Let's just forget about the stress of the holidays for a moment and think about the joys of fall. I haven't had time to fully settle into pumpkin spice flavored things or to bring out all my sweaters yet (since it's still in the 70s on occasion). I haven't seen the beauty of leaves changing colors and making the world seem like a postcard. I've only made pumpkin cookies with brown sugar icing one time. ONE TIME! That's just not enough. Honey crisp apples have only recently appeared at the grocery. And apple cider is only now warming our souls. Don't even get me started on the number of scary movies I haven't watched yet. And A Charlie Brown Thanksgiving is still weeks away.

Can't we all just enjoy the beauty and majesty of fall? Can't we just have one experience at a time?

I know it's not really your fault, Christmas decorations. I'm sure you'd rather spend October and November gearing up for the big show that is December. Or maybe you'd rather reflect on all the meanings that you as a season have for people. That could mean any number of things from religious celebrations and festivities to celebrating the solstice or even the secular side of the season. Whichever path you want to explore, I know you'd rather do it at the appropriate time. Not in October. Not in November.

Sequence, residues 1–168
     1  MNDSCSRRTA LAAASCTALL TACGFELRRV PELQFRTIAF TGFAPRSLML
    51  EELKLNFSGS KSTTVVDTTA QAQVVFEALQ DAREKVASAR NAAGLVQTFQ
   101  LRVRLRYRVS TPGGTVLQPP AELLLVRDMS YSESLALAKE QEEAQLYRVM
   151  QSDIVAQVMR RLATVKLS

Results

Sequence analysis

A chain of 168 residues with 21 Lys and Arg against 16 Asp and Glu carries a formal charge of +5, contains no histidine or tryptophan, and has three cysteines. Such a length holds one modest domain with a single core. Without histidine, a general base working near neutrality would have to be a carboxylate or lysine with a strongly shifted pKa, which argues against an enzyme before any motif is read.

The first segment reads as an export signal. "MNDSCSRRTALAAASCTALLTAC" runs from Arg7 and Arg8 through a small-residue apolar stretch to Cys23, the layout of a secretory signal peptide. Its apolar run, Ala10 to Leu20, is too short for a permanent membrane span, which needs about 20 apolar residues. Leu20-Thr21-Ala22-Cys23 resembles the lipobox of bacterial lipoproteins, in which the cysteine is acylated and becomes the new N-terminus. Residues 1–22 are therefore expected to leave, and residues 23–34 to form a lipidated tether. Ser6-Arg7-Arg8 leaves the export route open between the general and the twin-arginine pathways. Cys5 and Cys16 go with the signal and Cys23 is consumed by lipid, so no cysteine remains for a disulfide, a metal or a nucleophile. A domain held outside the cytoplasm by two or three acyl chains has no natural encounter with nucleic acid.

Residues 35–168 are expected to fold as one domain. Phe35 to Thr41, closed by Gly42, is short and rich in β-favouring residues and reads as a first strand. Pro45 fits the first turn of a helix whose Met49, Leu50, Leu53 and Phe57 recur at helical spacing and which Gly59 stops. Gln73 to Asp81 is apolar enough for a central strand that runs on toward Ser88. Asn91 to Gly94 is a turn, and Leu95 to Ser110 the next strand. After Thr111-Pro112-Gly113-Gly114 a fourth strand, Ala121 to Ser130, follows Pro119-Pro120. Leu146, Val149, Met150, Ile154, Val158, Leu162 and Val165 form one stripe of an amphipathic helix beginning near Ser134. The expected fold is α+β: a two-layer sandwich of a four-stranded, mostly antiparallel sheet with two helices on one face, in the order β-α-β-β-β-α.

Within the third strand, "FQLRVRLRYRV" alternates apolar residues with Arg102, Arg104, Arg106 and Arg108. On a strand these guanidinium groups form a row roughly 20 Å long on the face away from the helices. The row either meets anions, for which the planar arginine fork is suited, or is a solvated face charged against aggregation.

I want to feel like Jack Skellington when he goes through the tree door and finds himself in Christmastown for the first time. I want to wonder "What is this?" when I see a snowflake or a candy cane and look on in wonder when people gather for carols and to decorate their trees. It's impossible to feel that way when you show up months early and make my Type A personality start spinning with the fear that I am somehow behind on things that I never knew I needed to deal with in the first place. I don't think it's too much to ask to celebrate the holidays during the corresponding month. This is how the world is supposed to work.

Thanks for listening. Maybe we can work together to solve this problem so future generations can bask in the wonder of the season while still enjoying all that October and November have to offer. Maybe we can figure out a way for everyone to get the equal time they deserve.

Love and candy corns,

Jack in Christmastown

Next week: It's National Novel Writing Month (well it will be next Saturday)! I'll preview this year's novel and what to expect on the Island while I write a 50K word novel in one month.

Saturday, October 11, 2014

DC Days: Rockin' the Suburbs, Part Two (Subtitle: I didn't want to stab anyone*)